The Milwaukee County Zoo is a zoo in Milwaukee, Wisconsin, operated by the Milwaukee, WI County Parks Commission. The zoo houses 1,800 animals and covers an area of 190 acres (77 ha). It is noted for the second birth of polar bears and siamangs in captivity and their locally famous gorilla Samson, who lived from 1950 to 1981 and whose bones are now on display at the Milwaukee Public Museum. During World War II, a celebrity animal of the zoo was Gertie the Duck and her ducklings. The zoo is also home to one of the largest groups of bonobos in one location outside their native Democratic Republic of the Congo. In addition, it has two cheetahs from the National Zoo in Washington, DC.
The West Park Zoo opened in 1892, displaying small mammals and birds. The zoo added two cinnamon bears and created an iron bear den the following year. In 1899, the zoo constructed a $2,137 herbivore building that housed various animals. In 1900, West Park Zoo became Washington Park Zoo, and two years later, the zoo was expanded to 23 acres (9.3 ha). Even with the Great Depression of the 1930s, the zoo prospered, creating a bear den that resembled bears’ natural habitat. In 1931, the zoo’s bear collection contained 37 specimens. However, by 1937, the Washington Park Zoo began showing its age. A reptile exhibit was opened in the main zoo building in 1942. George Speidel, zoo director at this time, began planning a new zoo.
Taylor Family Humboldt Penguin Pool
This is an exhibit near the zoo’s Main Entrance. This fifteen-thousand-gallon tank features a group of Humboldt penguins with underwater viewing glass surrounding it. Bed Bug Exterminator Milwaukee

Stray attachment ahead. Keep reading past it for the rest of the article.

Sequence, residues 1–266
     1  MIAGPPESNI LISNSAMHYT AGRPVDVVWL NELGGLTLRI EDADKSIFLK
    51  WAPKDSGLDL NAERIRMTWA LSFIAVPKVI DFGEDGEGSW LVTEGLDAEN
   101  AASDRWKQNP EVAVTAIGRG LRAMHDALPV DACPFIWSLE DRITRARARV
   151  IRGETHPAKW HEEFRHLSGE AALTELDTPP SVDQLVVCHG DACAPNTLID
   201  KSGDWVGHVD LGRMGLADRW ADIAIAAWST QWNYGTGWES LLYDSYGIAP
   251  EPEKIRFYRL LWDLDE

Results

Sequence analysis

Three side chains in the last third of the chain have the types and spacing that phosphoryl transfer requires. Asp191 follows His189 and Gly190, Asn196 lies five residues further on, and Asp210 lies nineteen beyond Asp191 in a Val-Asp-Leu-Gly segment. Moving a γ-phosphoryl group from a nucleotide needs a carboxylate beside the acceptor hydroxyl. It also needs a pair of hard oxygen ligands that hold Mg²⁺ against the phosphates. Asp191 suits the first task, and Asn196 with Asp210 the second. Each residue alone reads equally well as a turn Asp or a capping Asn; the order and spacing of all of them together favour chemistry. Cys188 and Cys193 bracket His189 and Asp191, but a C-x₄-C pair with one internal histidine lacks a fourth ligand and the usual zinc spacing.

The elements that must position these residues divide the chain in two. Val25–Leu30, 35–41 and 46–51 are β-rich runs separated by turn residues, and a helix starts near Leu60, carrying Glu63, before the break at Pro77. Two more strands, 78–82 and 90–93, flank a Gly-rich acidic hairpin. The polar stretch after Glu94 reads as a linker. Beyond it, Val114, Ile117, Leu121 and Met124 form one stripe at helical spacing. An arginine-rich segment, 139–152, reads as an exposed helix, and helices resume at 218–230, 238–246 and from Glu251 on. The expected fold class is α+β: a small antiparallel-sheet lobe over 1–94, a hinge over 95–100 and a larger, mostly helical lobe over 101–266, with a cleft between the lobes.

Herb and Nada Mahler Family Aviary
The aviary contains over 60 species in a walk-through building. One section is a cageless room where birds fly free. Species in the exhibit include the Caribbean flamingo, scarlet ibis, rhinoceros hornbill, Bali mynah, crocodile bird, rockhopper penguin, gentoo penguin, red-billed hornbill, the whooping crane, Inca tern, sunbittern, as well as various pigeons and herons.
Sterns Family Apes of Africa
This indoor building is opened in 1992 at $10.7 million and features a large troop of bonobos and gorillas. Samson, the largest gorilla in captivity, was showcased in the Apes of Africa building for many years. The zoo maintains a bonobo breeding program with one of the world’s largest collections of bonobos in captivity. Both species have access to indoor and outdoor exhibits.
Primates of the World
Adjacent to Apes of Africa, this exhibit showcases primates worldwide, including a mandrill, Bornean orangutans, a siamang, eastern black-and-white colobus, and black-handed spider monkeys in a gallery-style display. In addition, the zoo featured one of the first births of a Siamang in captivity.
Check out other neighborhoods like Milwaukee Public Museum